• Tax Benefits and Subsidies and Grants – Some environmental initiatives, such as investments in renewable energy or energy-efficient technologies, may qualify for tax benefits and incentives. India promotes the growth of solar power projects by offering incentives such as income tax exemptions through provisions like Section 80-IA of the Income Tax Act, 1961, Accelerated Depreciation (AD), and exemptions from Goods and Services Tax (GST). Government programmes and schemes offer financial support, subsidies and grants to promote environmentally responsible projects, such as renewable energy installations, afforestation and pollution control.
  • Green Certification – Achieving green certifications, such as ISO 14001 (Environmental Management System), can enhance a company’s reputation, improve market access, and demonstrate a commitment to environmental responsibility.
  • Exemptions – Exemptions from obtaining EC apply to certain industries and sectors deemed to have a minimal environmental pollution impact, falling into the white category. This category covers industries like small and medium-sized businesses in agro-based, chemical, pharmaceutical, electronic, food and beverage, leather and leather goods, plastic, and textile sectors.

Penalties for “bad” environmental citizenship typically include fines, imprisonment, closure orders, compensation, revocation of permits, etc. The same have been discussed earlier in the chapter.

Ordinarily, the shareholder and the parent company will not be liable for environmental damage or breaches of environmental law by company/subsidiary company. In the case of a parent company, in certain exceptional circumstances the concerned regulator may lift the corporate veil to hold the parent company liable for the damage caused or breach of the subsidiary company.

From financial year 2022–23, the Security and Exchange Control Board of India (SEBI) issued a circular providing that the top 1,000 listed companies in India (by market capitalisation) are required to prepare a “business responsibility and sustainability report” (or BRSR), containing detailed ESG disclosures to be filed before the SEBI. The BRSR is based on the nine principles stipulated in the National Guidelines on Responsible Business Conduct and includes both quantitative and qualitative disclosures with respect to energy consumption, water withdrawal, air emissions, greenhouse gas emissions, waste management, sustainable sourcing, and compliance with extended producer responsibility. The BRSR further has to be a part of the annual report of the company, which has to be notified to the stock exchanges, published on official company websites, and provided to the shareholders. While the BRSR framework is not mandatory for smaller listed companies and unlisted public or private companies, they may comply with the same as a good housekeeping measure.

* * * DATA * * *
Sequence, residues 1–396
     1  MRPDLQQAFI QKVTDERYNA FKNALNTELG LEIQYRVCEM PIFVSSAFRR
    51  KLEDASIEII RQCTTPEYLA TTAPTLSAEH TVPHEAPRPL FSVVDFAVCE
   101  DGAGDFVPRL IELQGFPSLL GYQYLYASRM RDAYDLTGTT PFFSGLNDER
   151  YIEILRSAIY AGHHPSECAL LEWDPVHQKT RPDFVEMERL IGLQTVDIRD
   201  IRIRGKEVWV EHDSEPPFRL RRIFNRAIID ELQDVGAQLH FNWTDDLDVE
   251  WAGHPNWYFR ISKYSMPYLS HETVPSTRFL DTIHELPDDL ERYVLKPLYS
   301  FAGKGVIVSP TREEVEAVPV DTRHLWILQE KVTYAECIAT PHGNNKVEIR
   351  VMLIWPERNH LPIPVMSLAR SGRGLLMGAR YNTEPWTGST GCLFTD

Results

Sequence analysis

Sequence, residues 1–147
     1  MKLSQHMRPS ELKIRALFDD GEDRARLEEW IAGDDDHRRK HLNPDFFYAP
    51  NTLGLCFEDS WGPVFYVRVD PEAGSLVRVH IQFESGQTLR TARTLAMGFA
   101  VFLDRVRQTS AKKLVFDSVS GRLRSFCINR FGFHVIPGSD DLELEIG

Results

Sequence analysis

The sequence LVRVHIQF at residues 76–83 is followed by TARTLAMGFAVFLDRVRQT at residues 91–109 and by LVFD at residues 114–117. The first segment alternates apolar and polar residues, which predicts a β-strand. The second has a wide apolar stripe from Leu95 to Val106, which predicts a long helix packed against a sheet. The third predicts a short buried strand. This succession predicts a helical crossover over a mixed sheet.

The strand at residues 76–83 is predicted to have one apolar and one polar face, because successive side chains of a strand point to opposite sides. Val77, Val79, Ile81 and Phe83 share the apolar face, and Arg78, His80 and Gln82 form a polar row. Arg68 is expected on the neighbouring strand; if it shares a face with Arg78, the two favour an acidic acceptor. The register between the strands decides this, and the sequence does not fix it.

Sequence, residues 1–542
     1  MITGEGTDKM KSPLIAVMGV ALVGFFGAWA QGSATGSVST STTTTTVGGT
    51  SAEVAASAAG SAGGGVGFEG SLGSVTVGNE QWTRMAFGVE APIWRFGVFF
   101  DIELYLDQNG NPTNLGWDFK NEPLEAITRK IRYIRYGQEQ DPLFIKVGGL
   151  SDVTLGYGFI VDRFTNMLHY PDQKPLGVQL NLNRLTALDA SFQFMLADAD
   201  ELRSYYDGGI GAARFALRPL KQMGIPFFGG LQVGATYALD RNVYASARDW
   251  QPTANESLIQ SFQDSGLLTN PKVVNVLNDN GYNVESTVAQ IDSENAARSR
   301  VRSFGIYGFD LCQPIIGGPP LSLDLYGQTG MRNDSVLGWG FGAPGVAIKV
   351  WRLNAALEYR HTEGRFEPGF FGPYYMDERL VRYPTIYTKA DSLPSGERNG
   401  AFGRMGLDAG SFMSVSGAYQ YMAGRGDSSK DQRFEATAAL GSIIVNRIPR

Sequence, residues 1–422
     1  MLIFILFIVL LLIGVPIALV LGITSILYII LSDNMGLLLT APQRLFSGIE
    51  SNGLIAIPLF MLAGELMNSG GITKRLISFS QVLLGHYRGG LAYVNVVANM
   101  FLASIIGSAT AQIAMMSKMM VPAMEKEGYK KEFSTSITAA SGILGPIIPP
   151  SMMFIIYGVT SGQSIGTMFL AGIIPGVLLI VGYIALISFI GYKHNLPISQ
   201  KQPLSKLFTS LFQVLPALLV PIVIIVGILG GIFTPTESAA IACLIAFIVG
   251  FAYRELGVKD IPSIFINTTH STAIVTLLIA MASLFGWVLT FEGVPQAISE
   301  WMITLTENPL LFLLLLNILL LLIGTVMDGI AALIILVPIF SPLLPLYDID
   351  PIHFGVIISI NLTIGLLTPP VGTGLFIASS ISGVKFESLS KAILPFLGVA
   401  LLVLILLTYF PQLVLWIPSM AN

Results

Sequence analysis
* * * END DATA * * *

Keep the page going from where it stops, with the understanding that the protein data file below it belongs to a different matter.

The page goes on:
Apart from the BRSR, there are limited mandatory ESG disclosure requirements in India: for example, companies are also required to make disclosures regarding energy conservation in their annual reports in terms of Section 134(m) of the Companies Act, 2013.

Environmental audits are statutorily mandated under Rule 14 of the EP Rules. Said rule makes it mandatory for all persons carrying on an industry, operation or process requiring consent under the Water Act or under the Air Act or both or an authorisation under the Hazardous Waste Management Rules, to submit an environment statement to the SPCB every year for the period ending 31st March.

Almost all major environmental legislations in India provide that every person who was in charge of, and was responsible for, the conduct of a company’s business including directors and key managerial persons, along with the company, shall be deemed guilty of all offences and shall be liable accordingly. For instance, Sections 40 and 47 of the Air and Water Act respectively provide for liability on the part of a director and other key managerial persons if an offence under the said Acts is committed by a company.

Regulation 25(10) of the SEBI (Listing Obligations and Disclosure Requirements) Regulations, 2015 mandates the top 1,000 listed companies in India (by market capitalisation) to undertake a Directors & Officers (D&O) Insurance Policy for its independent directors. Accordingly, for other individuals/directors in the top 1,000 listed companies and smaller listed companies and unlisted public or private companies, it is optional and plausible to undertake such insurance.

Owners, users and carriers of hazardous chemicals, as defined under the EPA, who possess more than the minimal quantity stipulated in the Public Liability Insurance Act, 1991 are required by the Act to obtain insurance coverage mandatorily. Besides this, the environmental insurance depends on the insurance provider. In India, certain private insurance providers have introduced green insurance. Such insurance policies would typically cover potential liabilities arising from the pollution of water, land, air or collateral damages to the environment caused by the policyholders and can also help with the restoration of ecological damages. The exclusions typically include asbestos and lead, prior knowledge, terrorism, and war. However, the coverage of such insurance depends on various factors.